A view from the top of City Hall in 1917 shows the few remaining buildings in the path of the Fairmount Parkway. Bement juts out in the top right. The first building along the parkway moving away from City Hall is the Medico-Chirugical Hospital at 17th and Cherry Streets. Though partially demolished it was repurposed as an emergency hospital in October 1918 for the influenza pandemic.
Ad from 1964 showing some of the names that worked their way into Baldwin-Lima-Hamilton. Niles is part of Bement-Niles-Pond.
Energetic railroad enthusiasts have created specialized pages for their hobbies, including this one dedicated to Baldwin diesel engines.
Like most industries with competitors located in close proximity, young energetic apprentices could cut their teeth before starting their own companies. For example, Edward G. Budd came to Philadelphia at age 20 to work in the William Sellers Machine Company starting in 1890. He moved employment three blocks west to work for Bement, moving up to become head of the hydraulic press design department. He worked for a few other companies after he left Bement in 1898, then parlayed his skill as a draftsman and experience with hydraulic presses into his own company in 1912. He made pressed-steel components for auto, rail cars, and plane bodies, like the one on display in front of the Franklin Institute. The Budd Company plant on Hunting Park Avenue went dormant in 2003, after employing thousands for 88 years.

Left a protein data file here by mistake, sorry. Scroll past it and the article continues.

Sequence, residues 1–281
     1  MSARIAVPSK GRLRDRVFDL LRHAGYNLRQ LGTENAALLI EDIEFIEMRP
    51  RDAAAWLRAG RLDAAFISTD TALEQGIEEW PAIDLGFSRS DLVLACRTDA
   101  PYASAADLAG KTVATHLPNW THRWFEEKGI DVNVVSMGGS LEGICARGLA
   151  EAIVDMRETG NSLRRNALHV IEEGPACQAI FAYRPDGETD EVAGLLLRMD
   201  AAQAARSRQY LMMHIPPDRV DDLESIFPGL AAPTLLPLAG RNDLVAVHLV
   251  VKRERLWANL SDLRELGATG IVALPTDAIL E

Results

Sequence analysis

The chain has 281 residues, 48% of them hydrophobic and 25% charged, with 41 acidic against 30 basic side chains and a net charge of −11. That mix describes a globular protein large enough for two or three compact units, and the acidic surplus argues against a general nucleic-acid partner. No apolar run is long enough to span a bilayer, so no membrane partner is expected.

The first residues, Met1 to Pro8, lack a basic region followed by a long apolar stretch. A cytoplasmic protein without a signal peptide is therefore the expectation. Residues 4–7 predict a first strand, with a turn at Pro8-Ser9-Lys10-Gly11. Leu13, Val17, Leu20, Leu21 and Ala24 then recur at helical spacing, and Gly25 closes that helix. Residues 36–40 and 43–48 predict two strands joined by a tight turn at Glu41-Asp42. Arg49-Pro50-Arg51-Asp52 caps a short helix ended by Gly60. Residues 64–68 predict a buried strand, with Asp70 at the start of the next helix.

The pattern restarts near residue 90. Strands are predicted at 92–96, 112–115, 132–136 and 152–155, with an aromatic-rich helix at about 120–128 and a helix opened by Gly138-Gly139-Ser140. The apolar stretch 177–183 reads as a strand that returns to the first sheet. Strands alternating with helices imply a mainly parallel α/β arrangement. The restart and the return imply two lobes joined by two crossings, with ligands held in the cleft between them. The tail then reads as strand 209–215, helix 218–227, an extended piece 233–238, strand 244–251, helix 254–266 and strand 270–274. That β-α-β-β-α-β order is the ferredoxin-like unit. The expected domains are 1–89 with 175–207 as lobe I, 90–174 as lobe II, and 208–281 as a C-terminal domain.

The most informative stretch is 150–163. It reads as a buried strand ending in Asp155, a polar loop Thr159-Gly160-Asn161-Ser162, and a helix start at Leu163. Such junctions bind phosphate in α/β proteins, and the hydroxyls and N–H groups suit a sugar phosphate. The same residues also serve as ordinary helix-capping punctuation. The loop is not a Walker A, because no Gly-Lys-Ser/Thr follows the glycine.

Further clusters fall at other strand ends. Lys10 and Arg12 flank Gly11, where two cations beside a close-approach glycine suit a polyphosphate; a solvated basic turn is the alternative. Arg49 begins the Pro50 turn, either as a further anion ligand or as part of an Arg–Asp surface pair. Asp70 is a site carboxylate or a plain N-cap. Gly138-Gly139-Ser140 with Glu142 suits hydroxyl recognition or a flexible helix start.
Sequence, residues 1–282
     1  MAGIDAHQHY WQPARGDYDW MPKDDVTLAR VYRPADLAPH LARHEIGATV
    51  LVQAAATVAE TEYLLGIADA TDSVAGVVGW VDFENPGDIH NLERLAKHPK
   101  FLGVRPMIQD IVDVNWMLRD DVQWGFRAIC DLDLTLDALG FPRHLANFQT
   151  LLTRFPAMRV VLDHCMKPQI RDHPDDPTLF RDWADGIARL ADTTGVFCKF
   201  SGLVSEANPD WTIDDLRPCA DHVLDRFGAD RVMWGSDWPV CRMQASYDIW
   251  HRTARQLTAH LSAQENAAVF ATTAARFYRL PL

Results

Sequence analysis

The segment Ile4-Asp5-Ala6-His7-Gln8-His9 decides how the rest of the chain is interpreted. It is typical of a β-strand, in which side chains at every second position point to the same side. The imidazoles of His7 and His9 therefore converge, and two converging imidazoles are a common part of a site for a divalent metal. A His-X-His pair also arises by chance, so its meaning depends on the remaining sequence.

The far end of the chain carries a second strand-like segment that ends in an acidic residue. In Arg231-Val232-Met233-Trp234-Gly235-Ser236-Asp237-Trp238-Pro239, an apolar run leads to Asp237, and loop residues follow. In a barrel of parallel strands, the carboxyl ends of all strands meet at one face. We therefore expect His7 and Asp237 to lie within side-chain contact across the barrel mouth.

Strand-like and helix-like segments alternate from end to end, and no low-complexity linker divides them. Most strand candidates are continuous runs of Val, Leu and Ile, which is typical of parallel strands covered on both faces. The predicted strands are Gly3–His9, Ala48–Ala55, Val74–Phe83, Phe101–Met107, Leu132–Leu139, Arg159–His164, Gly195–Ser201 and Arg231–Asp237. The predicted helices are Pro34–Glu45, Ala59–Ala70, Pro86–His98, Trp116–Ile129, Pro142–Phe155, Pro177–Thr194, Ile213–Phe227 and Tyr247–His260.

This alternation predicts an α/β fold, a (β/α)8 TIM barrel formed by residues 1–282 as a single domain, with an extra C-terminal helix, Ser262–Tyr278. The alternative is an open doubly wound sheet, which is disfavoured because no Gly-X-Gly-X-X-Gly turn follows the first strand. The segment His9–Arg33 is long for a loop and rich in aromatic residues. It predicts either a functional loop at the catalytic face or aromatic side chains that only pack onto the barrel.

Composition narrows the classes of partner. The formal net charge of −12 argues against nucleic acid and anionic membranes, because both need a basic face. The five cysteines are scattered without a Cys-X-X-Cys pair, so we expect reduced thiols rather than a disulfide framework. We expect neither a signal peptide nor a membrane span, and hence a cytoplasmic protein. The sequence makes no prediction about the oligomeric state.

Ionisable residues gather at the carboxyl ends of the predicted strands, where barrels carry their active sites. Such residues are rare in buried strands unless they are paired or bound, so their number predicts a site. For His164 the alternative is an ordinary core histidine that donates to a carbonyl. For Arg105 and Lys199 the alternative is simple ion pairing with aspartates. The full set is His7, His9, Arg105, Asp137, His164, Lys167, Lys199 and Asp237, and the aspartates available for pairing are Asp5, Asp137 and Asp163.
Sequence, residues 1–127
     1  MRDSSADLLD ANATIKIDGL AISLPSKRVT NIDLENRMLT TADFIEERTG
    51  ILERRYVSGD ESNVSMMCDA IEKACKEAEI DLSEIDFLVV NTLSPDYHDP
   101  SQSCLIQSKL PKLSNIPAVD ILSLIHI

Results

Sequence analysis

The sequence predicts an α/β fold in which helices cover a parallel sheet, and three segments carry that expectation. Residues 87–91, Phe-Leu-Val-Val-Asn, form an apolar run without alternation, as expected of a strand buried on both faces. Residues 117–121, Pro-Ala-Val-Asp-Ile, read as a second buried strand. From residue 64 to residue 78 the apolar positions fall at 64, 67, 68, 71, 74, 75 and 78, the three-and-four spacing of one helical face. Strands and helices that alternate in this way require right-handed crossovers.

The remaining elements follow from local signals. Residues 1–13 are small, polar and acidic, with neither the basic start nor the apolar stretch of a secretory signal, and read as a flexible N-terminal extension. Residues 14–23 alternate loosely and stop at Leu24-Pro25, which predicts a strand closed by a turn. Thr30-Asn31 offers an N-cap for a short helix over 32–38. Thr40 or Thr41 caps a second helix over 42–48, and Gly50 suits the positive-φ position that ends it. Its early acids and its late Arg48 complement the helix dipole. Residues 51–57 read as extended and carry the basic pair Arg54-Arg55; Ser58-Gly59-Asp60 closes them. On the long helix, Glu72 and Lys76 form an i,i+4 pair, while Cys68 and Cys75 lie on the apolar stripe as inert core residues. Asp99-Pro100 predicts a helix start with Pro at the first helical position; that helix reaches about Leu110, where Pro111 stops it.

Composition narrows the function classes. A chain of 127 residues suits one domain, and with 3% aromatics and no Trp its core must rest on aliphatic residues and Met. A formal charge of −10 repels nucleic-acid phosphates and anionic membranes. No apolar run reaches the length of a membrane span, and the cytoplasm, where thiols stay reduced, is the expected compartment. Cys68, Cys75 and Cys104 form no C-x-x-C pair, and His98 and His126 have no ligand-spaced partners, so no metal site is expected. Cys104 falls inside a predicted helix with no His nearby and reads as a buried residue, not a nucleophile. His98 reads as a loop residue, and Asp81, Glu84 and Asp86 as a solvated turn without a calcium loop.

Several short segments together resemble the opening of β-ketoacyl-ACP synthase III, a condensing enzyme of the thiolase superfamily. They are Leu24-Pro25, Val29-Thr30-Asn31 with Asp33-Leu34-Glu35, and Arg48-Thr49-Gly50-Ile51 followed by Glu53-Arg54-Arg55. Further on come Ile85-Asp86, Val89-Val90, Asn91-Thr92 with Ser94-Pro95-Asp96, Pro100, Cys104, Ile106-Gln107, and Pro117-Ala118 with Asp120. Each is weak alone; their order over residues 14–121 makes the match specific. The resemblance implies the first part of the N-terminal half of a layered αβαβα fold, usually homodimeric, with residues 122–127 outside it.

The Pioneer, a stainless steel seaplane built by Budd in 1931, sits outside the Franklin Institute. This is the first connection of Bement to the art on Logan Square.
Laurel Hill Cemetery is one of my favorite places in Philadelphia. There is history, including the history made by our neighborhood industrialists, around every turn.
The Bement family plot at Laurel Hill Cemetery.
Marker for the Clarence Bement family.
Clarence Bement (1843-1923) was one of the foremost mineral and gem collectors in the country, having spent over $100,000 on his collection. He often consulted with the 20-years-older Joseph Leidy (1823-1891), head of the Academy of Natural Sciences of Philadelphia, which in 1876 would end up three blocks from Clarence's home. In 1900 Clarence sold his collection to J. P. Morgan, who donated it to the American Museum of Natural History in New York. The manganese mineral bementite is named for Clarence.
On the gravestone pictured above is the name Joseph Leidy Bement, born in 1873 and living for only two weeks. Joseph Leidy's bronze statue today is in front of the Academy of Natural Sciences. This is the second connection between the art on Logan Square and the Bements.
There are very few statues of the the persons entombed within at grave sites in laurel Hill. One interesting example is that of one-time Bement partner James Dougherty, whose bronze figure stands at a lectern made of bolts and gears.
The article on police stations in the neighborhood picks up the history of the parcel at 20th and Callowhill Streets from the 1930's. See here.
authored by Joe Walsh